Lawyers Threaten Suit Over LISD Dress Code

Hank Murphy. Lubbock Avalanche-Journal. October 10, 1990

A trio of Lubbock lawyers fired a public warning shot at the Lubbock school district Tuesday, threatening to wrap the district in litigation if trustees don’t loosen the tough new dress code.

At a press conference, Lubbock lawyers J. Edwin Price, Steve McIntyre and Texas Tech University law professor Rod Schoen gave the Lubbock Independent School District (LISD) until Oct. 17 to make changes in its dress code, specifically its ban on male earrings and on longer-than-shoulder-length hair.

Superintendent Mike Moses said the school is willing to discuss the issue, but said any decision to modify the code rests with the board of trustees.

Price argued that the LISD dress code violates the Texas Constitution by inflicting sex-based discrimination on boys in choice of hair style and earrings.

The lawyers, Price said, have been retained by a pool of parents and students-as many as 25- “for breaches of constitutional rights” of students.

Although the attorneys’ primary focus is on sex discrimination, they also intend to probe “freedom of speech issues and intervention by the district in religious matters.” Price said.

Despite threatening a lawsuit, Price said the lawyers “are inviting the school district to join with us in a dialogue to try to resolve these problems short of a lawsuit.”

Said Moses, “ I wouldn’t have a problem with talking with anyone about the dress code and the concerns voiced about it. We’re open to any dialogue and any discussions. Will that occur before Oct. 17? I don’t know what will happen after that.”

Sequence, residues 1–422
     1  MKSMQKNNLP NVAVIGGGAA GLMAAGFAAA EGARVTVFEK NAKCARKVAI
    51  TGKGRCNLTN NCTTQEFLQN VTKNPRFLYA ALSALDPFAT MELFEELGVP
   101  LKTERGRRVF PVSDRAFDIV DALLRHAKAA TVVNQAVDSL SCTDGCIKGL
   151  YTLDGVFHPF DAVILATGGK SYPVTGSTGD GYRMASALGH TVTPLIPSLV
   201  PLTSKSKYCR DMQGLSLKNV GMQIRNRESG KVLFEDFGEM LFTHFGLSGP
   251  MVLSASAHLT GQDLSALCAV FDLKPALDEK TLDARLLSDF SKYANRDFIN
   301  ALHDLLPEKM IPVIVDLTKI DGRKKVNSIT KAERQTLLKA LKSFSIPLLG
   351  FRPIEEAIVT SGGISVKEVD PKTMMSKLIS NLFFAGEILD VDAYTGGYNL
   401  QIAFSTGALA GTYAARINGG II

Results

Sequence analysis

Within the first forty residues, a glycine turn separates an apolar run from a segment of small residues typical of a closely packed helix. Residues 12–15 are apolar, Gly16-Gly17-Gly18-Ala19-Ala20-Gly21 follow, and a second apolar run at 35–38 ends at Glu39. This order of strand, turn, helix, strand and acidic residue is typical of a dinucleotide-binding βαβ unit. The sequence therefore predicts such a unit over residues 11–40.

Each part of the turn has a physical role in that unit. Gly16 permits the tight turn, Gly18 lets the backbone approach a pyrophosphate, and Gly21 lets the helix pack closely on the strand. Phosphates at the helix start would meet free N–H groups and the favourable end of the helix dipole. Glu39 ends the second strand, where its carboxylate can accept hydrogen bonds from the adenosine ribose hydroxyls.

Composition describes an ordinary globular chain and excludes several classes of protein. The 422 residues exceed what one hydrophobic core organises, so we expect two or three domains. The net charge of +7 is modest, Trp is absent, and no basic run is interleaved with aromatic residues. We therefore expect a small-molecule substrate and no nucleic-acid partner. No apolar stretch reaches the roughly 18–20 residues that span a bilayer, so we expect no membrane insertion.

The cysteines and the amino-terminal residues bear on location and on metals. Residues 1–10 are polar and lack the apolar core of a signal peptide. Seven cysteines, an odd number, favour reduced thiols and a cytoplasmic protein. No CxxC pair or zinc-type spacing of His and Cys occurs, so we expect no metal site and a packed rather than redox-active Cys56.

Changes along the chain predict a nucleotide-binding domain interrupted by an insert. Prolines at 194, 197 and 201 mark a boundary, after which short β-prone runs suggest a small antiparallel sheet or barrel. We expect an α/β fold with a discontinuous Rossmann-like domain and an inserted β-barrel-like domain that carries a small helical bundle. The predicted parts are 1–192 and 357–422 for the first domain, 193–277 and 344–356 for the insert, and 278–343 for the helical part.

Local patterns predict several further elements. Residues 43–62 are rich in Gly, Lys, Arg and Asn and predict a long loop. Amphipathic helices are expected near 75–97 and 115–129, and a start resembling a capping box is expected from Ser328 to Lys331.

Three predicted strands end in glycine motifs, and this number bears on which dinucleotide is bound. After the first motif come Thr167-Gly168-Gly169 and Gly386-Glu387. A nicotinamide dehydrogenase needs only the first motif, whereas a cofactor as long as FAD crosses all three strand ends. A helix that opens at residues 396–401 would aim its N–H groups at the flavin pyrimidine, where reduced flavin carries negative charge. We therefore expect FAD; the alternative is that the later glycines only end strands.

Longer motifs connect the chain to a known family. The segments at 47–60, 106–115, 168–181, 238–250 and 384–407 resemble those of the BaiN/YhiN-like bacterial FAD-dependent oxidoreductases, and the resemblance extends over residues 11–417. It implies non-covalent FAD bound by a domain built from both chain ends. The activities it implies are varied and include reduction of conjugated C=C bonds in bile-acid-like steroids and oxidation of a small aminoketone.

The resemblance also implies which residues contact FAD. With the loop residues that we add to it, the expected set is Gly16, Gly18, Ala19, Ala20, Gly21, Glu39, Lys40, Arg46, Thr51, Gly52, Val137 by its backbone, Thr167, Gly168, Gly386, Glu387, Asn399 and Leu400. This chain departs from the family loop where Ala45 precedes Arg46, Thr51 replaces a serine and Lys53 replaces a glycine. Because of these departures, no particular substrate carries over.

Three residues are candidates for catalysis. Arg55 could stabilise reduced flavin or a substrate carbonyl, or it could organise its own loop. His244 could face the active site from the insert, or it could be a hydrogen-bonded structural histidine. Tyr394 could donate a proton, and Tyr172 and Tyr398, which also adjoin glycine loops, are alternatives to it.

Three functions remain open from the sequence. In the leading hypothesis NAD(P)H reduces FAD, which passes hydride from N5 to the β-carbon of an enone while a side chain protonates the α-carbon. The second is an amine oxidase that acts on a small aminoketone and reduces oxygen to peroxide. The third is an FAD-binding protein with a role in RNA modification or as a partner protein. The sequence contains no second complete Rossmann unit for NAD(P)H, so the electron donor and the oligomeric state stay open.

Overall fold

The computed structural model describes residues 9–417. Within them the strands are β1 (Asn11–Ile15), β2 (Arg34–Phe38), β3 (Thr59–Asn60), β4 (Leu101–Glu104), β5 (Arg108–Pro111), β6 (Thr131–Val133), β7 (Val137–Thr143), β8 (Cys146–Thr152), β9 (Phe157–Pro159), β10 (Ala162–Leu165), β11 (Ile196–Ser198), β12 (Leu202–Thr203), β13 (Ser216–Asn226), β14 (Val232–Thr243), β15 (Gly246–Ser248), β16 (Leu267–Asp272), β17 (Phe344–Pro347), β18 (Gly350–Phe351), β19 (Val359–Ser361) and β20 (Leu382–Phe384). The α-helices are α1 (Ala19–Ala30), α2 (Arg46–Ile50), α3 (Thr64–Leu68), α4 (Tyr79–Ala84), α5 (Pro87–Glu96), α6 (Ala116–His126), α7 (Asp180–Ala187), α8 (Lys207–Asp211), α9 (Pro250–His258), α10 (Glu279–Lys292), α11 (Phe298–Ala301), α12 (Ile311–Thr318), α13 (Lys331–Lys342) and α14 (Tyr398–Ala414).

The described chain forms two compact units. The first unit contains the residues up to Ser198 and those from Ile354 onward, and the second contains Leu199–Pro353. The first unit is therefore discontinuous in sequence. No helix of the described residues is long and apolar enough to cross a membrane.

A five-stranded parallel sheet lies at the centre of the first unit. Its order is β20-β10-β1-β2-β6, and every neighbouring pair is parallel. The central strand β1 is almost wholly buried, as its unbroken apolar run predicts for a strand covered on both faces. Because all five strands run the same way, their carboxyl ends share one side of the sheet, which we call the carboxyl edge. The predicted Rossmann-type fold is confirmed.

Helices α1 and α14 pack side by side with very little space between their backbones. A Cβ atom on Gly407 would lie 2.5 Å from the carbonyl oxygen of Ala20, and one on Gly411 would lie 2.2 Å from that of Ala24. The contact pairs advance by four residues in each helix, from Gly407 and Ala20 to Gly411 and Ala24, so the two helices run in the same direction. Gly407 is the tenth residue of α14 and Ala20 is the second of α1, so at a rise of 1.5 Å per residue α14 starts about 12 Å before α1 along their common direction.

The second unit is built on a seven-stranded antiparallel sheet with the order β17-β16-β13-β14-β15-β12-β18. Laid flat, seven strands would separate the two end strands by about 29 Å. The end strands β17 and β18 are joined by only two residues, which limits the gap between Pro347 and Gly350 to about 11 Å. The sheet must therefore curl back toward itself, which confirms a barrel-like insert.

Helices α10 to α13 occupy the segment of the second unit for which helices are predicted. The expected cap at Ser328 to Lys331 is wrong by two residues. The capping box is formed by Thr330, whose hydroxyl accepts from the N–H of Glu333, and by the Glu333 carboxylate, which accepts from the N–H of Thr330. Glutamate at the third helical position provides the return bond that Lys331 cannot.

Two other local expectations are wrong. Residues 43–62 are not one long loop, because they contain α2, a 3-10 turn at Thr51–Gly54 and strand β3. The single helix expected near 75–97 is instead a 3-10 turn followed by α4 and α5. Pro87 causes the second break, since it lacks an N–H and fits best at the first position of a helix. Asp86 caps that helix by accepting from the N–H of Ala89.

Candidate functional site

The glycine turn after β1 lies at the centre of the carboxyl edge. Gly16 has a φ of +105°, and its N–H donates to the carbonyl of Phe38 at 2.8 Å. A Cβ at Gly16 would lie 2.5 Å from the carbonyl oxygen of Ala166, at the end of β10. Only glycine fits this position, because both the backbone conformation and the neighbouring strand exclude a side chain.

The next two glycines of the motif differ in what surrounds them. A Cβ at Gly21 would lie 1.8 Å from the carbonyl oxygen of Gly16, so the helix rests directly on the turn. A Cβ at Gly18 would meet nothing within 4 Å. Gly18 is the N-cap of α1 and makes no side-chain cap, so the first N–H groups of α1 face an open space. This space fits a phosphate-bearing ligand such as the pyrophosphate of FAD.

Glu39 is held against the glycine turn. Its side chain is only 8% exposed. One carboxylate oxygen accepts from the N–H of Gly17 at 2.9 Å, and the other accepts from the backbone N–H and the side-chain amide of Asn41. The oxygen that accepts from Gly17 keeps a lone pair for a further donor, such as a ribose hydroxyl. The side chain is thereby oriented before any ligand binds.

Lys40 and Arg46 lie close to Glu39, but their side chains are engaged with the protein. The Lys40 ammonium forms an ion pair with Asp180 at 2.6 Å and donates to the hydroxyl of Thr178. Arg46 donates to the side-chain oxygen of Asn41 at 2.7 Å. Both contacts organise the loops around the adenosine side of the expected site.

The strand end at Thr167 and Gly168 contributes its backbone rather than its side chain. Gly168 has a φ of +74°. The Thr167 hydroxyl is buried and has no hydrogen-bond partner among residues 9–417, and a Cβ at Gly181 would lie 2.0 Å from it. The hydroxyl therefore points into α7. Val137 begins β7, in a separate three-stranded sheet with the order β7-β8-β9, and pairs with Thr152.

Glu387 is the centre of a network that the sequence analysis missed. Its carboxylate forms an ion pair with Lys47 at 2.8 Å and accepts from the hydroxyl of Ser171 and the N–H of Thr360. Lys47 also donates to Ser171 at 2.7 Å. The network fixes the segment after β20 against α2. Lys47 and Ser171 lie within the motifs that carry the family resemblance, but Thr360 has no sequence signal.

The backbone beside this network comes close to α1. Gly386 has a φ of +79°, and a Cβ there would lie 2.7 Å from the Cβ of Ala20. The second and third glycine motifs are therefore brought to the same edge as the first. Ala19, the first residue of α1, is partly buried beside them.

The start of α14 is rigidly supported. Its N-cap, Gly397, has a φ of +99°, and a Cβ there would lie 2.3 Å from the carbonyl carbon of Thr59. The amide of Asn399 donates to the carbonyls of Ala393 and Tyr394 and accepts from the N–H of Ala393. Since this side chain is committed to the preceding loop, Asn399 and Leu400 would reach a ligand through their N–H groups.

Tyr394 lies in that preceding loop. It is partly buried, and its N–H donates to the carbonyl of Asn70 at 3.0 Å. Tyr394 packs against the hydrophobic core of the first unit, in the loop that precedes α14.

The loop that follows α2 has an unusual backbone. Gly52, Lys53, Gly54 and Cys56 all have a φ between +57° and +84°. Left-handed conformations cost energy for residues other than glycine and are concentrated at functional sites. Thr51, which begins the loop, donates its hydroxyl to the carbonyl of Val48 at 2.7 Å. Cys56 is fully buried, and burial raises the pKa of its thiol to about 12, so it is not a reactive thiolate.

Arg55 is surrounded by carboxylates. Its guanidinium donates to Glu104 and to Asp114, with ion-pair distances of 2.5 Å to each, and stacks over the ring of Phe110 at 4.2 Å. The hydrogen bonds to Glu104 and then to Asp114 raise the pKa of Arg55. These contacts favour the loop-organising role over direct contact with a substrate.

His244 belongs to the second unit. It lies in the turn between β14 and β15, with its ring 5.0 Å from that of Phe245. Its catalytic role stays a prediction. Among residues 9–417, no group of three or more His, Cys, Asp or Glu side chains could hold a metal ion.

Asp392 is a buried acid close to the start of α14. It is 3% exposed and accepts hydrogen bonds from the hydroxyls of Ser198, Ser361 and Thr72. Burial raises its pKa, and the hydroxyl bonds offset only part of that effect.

If there is not meaningful progress on the issue by then, Price warned, “We have no other recourse but to file a lawsuit. We have students who are not in school, who are not being educated because of the dress code. And we feel that that’s an unconstitutional limitation on their right to an education.”

Schoen, a member of the Lubbock Civil Liberties Union (LSLU) board of directors, said Price and McIntyre are working on this case as LCLU cooperating attorneys, although neither one belongs to the organization. The LCLU is the local arm of the American Civil Liberties Union.

On religious concerns, Price said the attorneys know of students who have been prohibited from wearing the Star of David, a six-pointed star that matches a hexagram, labeled a satanic sign in reference flyers distributed by LISD.

Schoen said, “I think all that suggests the dangers that are implicit in trying to attach a forbidden or dangerous connotation to a symbol that may have more than one meaning.”

Many of the symbols on the LISD list are not in any way occult symbols, Schoen said, noting that the list’s five-pointed pentagram dominates the Texas flag.

Moses said the leaflets-which also grouped rock bands into positive and negative categories-never were intended to serve as an exhaustive list for acceptable and non-acceptable music and symbols.

Since the lists were distributed, the LISD has said the information was meant to be a resource and is not part of board policy.

Furthermore, the school district has stated that a symbol in and of itself does not necessarily indicate cult or satanic worship, Moses said.

Moses said he did not know of any particular cases where students had been told to remove religious symbols, adding, “It’s not our intent to restrict freedom of religion or expression” or prohibit inoffensive dress and symbols.

A student will be required to remove a symbol only when it’s unmistakably clear that the symbol is being used out of religious context. “Without that proof, young people should not be disturbed,” he said.